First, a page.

Lucid Culture

JAZZ, CLASSICAL MUSIC AND THE ARTS IN NEW YORK CITY

A Titanically Orchestrated New Album and a Rare NYC Solo Show by Pianist Alan Broadbent

Pianist Alan Broadbent isn’t an ostentatious player: he’s a purist, he knows a good tune when he hears it and doesn’t clutter it. He’s playing a rare New York solo show on Aug 13 at 8 PM at Mezzrow. You can witness it from the bar for as low as $15.

His latest album, Developing Story – streaming at Spotify – is the furthest thing you could expect from such an intimate performance. It’s a lavish double album for jazz trio and orchestra, recorded with bassist Harvie S, drummer Peter Erskine and the London Metropolitan Orchestra. It’s closer to classically-inspired film score than, say, Gil Evans’ Miles Davis arrangements or solo work. 

Broadbent’s title suite, in three movements, begins with a warmly optimistic opening-credits theme of sorts for the orchestra. The piano makes a graceful entrance with the rhythm section; the strings play balmy counterpoint and swing remarkably well as Broadbent works a tropical lounge vibe. As the piece reaches a lush neoromantic calm, it could be Cesar Franck.

The second movement morphs cleverly from an elegantly sober waltz to a more pensive theme with lustrous oboe at the center. The triptych concludes with a judiciously syncopated groove beefed up by the strings, which wouldn’t be out of place in the late Dave Brubeck book – or the Antonin Dvorak book, for that matter.

Broadbent is also a highly sought-after arranger, and has reinvented four jazz standards for this lavish setup. An especially lyrical version of Tadd Dameron’s If You Could See Me Now juxtaposes Broadbent’s tersely ornamented piano with the orchestra’s increasingly gusty swells. He balances majesty with restraint throughout his long introductory solo in John Coltrane’s Naima; then the orchestra build a nocturnal, tropical milieu followed by playful quasi-Tschaikovsky.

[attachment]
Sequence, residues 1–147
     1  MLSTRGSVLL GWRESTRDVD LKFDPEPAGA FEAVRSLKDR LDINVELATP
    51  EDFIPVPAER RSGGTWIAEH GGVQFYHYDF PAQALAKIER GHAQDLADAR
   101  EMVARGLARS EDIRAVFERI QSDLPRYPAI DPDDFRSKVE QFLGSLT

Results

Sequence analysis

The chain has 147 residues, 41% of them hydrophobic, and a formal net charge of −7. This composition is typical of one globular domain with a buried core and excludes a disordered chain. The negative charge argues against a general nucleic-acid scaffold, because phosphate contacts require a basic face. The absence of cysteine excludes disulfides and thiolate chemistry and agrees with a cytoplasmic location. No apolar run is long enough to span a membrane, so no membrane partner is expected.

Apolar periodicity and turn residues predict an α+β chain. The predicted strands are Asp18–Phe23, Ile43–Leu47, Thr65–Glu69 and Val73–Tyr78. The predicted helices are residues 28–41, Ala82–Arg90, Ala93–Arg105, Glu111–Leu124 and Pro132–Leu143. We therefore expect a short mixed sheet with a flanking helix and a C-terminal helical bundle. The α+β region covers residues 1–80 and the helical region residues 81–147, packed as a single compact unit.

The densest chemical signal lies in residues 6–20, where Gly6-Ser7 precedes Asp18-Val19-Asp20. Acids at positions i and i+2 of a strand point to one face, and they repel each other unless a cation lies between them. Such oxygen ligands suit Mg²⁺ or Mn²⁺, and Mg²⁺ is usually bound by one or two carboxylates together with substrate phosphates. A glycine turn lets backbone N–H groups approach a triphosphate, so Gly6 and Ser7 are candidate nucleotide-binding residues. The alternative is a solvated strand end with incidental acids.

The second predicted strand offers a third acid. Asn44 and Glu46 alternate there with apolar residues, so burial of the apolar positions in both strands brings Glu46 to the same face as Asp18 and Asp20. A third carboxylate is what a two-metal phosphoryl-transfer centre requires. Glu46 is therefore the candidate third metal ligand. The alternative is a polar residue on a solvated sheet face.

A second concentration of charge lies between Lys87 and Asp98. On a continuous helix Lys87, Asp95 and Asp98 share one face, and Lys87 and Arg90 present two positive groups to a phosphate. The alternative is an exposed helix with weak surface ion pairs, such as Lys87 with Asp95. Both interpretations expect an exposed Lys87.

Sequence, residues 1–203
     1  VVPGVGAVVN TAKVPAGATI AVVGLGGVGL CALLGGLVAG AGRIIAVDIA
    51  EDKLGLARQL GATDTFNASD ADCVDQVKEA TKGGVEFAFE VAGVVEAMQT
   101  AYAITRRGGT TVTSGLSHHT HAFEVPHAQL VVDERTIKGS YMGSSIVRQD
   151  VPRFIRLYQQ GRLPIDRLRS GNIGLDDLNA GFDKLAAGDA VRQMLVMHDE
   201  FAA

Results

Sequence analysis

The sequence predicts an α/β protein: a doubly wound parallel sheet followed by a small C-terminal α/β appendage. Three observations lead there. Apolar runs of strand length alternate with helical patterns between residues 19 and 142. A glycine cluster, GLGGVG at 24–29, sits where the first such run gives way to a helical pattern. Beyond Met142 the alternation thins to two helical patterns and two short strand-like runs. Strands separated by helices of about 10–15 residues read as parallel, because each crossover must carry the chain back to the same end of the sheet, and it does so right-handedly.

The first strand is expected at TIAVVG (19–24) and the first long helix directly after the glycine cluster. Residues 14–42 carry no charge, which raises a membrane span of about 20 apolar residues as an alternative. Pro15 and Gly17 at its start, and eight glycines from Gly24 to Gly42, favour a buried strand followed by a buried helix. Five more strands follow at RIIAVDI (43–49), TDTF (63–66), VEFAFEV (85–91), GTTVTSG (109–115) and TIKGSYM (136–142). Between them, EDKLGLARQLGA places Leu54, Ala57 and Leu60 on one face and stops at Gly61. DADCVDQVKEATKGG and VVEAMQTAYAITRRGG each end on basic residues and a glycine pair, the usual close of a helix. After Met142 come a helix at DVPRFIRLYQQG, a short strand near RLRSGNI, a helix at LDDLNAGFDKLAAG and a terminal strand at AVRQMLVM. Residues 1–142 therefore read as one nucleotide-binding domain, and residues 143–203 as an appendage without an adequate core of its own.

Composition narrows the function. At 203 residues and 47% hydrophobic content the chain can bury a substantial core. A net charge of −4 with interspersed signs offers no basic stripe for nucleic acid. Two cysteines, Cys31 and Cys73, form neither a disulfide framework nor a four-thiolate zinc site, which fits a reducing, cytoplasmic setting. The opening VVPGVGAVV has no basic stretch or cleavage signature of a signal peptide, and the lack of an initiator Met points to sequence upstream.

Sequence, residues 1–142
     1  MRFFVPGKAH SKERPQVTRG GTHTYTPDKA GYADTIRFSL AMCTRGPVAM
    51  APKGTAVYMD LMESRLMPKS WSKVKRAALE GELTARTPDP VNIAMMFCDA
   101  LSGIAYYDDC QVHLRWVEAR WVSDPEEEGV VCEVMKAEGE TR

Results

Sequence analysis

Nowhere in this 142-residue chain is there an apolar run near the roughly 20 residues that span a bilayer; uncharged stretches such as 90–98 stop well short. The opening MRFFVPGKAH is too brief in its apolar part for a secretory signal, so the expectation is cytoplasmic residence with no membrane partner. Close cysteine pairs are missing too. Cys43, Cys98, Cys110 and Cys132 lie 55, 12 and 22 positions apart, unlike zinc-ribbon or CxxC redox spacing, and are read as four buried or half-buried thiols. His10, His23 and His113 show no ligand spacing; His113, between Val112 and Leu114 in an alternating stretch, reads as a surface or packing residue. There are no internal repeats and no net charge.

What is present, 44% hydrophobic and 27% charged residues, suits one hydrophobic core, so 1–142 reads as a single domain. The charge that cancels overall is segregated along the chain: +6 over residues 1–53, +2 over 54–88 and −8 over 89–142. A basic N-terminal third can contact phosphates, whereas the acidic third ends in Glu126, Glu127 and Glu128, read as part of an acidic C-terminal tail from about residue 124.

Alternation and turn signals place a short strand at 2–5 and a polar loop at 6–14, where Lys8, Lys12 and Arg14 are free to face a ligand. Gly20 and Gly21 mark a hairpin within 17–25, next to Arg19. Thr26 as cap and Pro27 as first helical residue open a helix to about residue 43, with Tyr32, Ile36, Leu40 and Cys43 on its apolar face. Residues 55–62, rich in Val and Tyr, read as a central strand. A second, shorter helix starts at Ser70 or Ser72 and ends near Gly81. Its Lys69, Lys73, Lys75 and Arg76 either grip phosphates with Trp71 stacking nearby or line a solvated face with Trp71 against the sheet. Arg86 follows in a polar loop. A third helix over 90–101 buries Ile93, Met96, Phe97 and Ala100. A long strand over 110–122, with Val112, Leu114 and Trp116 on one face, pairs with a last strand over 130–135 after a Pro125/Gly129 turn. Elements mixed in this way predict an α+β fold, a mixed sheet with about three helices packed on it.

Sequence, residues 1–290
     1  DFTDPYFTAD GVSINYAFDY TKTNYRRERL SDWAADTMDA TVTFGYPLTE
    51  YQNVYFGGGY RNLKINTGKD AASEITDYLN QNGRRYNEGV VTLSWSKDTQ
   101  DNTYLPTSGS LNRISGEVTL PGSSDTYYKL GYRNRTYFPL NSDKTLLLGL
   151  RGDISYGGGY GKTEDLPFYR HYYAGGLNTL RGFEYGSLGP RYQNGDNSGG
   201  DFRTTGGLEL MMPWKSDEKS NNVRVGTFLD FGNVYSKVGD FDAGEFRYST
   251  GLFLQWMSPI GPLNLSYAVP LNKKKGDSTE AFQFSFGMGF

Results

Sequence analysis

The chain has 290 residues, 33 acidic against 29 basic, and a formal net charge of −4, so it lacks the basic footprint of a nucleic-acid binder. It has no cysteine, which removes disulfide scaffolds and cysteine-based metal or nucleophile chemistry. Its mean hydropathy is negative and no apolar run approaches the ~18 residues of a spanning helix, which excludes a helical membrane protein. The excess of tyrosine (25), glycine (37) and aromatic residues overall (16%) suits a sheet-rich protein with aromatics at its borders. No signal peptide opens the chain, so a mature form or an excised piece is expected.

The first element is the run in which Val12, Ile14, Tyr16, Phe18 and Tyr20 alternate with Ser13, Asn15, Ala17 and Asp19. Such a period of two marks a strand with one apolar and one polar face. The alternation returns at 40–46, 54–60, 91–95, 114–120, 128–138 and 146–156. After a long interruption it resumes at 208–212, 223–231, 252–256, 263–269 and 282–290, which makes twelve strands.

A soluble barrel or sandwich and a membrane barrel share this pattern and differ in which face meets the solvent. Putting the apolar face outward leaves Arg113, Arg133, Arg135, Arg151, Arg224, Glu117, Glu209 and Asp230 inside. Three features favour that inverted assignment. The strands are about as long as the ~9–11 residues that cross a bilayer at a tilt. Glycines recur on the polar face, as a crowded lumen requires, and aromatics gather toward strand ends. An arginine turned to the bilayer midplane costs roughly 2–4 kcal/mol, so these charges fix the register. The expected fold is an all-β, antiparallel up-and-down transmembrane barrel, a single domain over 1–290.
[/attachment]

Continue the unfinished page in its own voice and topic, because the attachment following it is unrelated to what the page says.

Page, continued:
Miles Davis is represented by two numbers. That crystalline oboe returns in a sweeping yet purposeful version of Blue in Green, driven by Broadbent’s meticulous articulation on the keys and a similar intricacy in the lush chart’s alternating voices. Orchestra trumpeter John Barclay leads the brass in a pulsing, cloudbursting rearrangement of Milestones.

Broadbent also has two stand-alone originals here as well. The ballad Lady in the Lake is the album’s strongest track, a study in contrasts with its ebullient central theme surrounded by foreshadowing and outright menace on every side. Children of Lima – written in memory of the devastating earthquake there in 1974 – is a mighty, heartfelt waltz. All this ought to resonate with fans of classical music as well as vintage film composers like Erich Korngold.

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August 11, 2018 Posted by | classical music, jazz, Music, music, concert, review, Reviews | , , , , , , , , , , , , , , , , , , , | Leave a comment

Amy London Shares an Archive Full of Stars

“You know, i played on that record.”